As you work on increasing your savings, you might want to consider depositing the money into a high interest account. CIT Bank is a reputable online bank with high interest rates (check out their money market savings account), or you might shop around for a good rate at a local community bank.
Baby Step 4 – Invest 15% of your income into pre-tax and Roth IRA retirement accounts.
Of all the Dave Ramsey steps, this one is often overlooked, but it’s so important. You’ll want to send at least 15% of your income into your 401k, Roth IRA, etc. If you have an employer match for your 401k, that’s great! The more you can put away towards retirement, the better. Keep in mind there are annual maximum contributions for certain accounts. Check with your employer or your accountant.
Personally, we shoot for a much higher savings rate than the 15% Dave mentions in his plan. 15% is a starting point, especially if you’re young.
Note: There’s a cool worksheet for calculating your Personal Savings Rate included in my Budget Binder Toolkit. It’s a great tool for comparing your progress each month or quarter!
Baby Step 5 – Save for college.
If you have children and plan to pay for their college, do that during baby step 5. Many states offer special plans and incentives to assist you with this, such as a 529 plan.
Baby Step 6 – Pay off your home early.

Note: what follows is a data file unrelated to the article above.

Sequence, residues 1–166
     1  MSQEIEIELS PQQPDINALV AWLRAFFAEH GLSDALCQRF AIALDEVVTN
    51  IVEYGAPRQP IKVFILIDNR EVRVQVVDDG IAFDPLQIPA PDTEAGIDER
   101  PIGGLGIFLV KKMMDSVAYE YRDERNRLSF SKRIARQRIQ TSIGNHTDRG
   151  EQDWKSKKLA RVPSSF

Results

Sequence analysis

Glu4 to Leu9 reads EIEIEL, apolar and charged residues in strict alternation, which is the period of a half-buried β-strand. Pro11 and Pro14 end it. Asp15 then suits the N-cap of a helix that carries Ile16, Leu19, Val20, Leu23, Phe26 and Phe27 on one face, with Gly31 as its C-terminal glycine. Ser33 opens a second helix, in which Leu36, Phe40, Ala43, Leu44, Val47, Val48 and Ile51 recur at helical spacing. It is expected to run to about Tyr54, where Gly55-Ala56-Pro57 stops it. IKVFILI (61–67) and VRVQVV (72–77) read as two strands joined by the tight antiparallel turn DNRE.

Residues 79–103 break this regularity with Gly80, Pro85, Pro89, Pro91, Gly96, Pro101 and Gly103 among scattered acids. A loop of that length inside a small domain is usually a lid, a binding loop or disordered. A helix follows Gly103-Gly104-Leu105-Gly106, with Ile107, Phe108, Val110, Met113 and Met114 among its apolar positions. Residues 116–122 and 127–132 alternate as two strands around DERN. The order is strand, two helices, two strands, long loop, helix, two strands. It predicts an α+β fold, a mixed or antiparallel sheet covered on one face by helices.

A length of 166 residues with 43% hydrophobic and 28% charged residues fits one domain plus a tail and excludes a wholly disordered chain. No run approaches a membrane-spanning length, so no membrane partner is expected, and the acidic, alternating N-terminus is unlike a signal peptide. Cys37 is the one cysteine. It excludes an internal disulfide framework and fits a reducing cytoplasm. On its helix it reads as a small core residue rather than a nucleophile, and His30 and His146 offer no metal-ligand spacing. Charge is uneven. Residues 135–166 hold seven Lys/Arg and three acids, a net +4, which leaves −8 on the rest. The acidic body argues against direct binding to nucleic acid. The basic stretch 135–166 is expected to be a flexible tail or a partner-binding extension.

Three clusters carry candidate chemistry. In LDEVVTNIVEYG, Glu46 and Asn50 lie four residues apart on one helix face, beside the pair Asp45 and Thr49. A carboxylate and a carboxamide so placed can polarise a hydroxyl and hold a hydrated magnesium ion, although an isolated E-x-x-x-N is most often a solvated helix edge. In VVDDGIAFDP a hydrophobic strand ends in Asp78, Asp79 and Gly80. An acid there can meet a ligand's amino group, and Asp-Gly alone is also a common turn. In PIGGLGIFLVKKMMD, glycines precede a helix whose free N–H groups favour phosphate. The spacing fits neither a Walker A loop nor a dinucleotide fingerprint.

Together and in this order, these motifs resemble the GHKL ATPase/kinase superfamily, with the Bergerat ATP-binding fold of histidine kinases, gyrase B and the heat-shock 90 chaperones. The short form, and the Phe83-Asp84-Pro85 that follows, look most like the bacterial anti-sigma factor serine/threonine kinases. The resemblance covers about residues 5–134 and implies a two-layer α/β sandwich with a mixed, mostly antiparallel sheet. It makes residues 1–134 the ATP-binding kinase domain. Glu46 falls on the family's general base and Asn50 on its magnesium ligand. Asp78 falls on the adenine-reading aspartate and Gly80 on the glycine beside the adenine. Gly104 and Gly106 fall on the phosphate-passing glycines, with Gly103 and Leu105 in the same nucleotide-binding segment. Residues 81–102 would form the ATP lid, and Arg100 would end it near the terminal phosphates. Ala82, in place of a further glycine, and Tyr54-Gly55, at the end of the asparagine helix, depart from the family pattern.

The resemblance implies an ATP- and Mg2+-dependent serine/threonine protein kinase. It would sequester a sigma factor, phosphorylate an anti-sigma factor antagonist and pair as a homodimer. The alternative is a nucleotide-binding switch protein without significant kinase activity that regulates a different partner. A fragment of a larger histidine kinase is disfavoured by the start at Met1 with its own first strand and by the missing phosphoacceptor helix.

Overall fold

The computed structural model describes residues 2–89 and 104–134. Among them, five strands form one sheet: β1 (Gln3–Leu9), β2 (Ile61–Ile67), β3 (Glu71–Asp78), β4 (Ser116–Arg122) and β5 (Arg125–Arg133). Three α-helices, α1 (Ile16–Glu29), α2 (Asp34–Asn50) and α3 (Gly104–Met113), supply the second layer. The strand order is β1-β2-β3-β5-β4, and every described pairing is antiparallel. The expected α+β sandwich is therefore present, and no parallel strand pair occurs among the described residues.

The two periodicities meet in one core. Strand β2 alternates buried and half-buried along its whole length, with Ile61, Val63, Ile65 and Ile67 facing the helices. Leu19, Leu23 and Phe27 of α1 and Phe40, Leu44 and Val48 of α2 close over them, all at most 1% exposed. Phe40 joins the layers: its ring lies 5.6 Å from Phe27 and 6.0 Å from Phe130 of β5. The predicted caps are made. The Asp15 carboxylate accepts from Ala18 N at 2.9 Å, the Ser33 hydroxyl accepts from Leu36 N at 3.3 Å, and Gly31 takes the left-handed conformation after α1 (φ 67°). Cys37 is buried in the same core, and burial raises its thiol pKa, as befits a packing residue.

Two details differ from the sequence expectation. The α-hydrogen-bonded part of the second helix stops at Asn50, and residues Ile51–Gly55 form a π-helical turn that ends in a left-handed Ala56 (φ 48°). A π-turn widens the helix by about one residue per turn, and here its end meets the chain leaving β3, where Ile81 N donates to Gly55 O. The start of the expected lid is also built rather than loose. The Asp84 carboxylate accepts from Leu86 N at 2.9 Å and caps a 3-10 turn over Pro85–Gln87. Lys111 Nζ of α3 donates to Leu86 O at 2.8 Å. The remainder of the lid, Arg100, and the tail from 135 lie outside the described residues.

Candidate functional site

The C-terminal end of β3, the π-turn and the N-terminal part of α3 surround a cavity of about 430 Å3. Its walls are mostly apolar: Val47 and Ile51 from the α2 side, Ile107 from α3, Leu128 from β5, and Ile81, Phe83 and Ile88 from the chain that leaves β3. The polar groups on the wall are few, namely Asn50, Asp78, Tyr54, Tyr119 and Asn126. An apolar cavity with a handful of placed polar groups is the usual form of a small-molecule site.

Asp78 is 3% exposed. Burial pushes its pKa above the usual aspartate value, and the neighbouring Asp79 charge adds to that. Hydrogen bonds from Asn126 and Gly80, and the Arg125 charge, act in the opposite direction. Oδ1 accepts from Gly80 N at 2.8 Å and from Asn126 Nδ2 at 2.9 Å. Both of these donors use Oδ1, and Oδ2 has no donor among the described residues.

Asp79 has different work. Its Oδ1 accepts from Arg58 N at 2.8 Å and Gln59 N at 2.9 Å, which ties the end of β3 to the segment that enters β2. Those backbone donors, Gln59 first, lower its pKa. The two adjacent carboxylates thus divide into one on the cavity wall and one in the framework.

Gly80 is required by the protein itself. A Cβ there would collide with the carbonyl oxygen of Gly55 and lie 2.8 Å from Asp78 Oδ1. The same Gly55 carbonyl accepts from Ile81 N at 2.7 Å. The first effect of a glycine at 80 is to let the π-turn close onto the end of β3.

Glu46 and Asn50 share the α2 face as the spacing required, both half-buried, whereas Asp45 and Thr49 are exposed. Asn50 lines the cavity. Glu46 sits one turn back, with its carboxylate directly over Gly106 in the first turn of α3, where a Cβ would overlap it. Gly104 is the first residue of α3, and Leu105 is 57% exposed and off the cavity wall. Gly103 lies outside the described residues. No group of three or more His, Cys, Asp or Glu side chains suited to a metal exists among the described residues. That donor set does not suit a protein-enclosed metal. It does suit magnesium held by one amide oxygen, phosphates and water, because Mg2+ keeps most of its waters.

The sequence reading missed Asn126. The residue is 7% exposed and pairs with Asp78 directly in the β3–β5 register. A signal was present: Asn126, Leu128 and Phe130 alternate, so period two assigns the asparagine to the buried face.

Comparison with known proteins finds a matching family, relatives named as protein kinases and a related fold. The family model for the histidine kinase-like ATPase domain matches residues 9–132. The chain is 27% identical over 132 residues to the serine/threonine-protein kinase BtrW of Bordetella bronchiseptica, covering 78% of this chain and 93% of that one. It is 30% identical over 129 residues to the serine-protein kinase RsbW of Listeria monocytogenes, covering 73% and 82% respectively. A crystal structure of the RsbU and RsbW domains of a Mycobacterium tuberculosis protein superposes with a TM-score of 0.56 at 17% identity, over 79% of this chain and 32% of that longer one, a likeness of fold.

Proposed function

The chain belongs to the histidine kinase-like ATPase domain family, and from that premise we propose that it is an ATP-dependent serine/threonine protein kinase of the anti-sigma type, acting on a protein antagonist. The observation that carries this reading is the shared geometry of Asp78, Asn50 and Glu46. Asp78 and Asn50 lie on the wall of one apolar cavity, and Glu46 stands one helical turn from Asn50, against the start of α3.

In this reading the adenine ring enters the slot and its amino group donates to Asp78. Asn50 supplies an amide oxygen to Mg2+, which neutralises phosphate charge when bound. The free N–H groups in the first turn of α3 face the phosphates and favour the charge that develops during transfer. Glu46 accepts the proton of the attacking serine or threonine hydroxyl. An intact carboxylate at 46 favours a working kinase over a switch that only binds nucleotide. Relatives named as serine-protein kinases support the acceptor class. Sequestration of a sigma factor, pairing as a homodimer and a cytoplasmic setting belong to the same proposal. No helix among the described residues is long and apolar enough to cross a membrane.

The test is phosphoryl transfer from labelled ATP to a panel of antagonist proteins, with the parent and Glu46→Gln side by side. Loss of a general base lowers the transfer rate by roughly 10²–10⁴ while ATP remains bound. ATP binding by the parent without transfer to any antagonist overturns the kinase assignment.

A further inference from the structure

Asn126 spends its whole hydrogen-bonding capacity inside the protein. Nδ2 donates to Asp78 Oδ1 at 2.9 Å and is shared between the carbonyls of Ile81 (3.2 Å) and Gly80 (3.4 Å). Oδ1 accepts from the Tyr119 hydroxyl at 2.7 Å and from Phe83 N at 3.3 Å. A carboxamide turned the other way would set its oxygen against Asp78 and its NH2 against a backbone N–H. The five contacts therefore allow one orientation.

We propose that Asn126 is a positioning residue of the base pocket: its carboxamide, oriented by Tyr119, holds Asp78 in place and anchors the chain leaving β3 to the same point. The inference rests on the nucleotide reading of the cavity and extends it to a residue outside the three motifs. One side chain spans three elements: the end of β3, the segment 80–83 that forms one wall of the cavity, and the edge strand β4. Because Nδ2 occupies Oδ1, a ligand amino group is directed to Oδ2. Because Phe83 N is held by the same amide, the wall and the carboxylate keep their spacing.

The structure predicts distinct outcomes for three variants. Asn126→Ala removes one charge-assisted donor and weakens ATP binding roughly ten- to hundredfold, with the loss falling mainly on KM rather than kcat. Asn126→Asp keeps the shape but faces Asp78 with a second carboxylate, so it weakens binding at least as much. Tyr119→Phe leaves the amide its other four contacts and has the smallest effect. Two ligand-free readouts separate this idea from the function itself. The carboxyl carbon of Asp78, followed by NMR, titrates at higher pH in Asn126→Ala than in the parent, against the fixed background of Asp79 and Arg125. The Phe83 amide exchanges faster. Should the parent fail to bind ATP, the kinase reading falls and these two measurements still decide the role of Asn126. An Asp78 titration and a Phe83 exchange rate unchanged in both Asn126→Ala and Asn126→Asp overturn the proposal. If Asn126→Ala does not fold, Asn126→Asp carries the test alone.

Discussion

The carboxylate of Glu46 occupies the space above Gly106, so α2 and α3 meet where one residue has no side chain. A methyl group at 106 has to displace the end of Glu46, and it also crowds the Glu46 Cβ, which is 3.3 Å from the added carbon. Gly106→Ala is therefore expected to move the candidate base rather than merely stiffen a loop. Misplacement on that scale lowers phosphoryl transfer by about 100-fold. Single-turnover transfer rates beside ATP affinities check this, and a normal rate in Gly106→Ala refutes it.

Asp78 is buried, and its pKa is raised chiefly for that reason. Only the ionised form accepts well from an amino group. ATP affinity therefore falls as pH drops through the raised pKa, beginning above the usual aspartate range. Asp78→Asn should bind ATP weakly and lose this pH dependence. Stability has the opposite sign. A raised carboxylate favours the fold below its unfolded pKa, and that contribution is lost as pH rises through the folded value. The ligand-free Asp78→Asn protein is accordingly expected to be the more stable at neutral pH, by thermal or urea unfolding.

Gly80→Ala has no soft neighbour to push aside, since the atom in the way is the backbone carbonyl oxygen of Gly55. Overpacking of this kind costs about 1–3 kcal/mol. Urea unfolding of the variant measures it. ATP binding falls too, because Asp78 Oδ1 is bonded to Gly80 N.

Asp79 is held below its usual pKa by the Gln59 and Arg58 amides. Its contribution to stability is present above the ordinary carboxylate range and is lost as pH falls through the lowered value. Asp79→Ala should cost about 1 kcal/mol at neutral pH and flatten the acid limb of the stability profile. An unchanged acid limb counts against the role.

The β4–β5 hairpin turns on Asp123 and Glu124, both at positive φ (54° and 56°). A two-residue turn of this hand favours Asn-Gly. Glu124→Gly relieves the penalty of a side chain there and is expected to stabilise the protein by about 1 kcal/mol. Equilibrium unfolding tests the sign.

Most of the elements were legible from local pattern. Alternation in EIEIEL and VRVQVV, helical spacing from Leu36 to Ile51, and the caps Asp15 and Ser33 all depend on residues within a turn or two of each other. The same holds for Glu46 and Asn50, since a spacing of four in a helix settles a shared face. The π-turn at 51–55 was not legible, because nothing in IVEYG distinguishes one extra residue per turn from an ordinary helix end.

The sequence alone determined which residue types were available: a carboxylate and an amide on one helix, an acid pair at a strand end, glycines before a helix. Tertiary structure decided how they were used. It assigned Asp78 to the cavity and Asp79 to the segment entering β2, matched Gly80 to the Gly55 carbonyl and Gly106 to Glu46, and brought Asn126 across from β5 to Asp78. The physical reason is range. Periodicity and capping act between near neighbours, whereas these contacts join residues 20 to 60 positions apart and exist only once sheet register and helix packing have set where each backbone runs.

This is the most debated of all the Dave Ramsey steps. Some argue that you’re better off investing any extra money rather than socking it to your mortgage. Dave argues that they aren’t considering RISK, and that there’s a confidence you get once your home is paid for and totally yours. We agree with him.
Baby Step 7 – Build wealth and give.
We think this is the most exciting of all the Dave Ramsey steps! Once you get to baby step 7, you can truly live and GIVE like no one else. Continue to build your wealth, but also give generously.
Whether you give publicly or in secret is up to you. Look for needs around you, maybe among people you know personally or within your community. What causes do you believe in? When you give money, you are “voting with your dollars.” What are you voting for? What would you like to see more of? Who do you want to help?
Tell us — which of the Dave Ramsey steps are you on? We’d love to know!
Let’s chat soon,
A few tools we recommend:
Give eMeals a try. This is the meal planning service Dave Ramsey recommends on his show. For a small fee, they’ll even send your meal plan and shopping list over to a local store (like WalMart!) and have your groceries ready for you to just pick-up and go. Click here to try it free for 14 days.
I also highly recommend getting started with a pencil and paper budget, if you’re not already doing so. My printable Budget Binder Toolkit has everything you need to hit the ground running!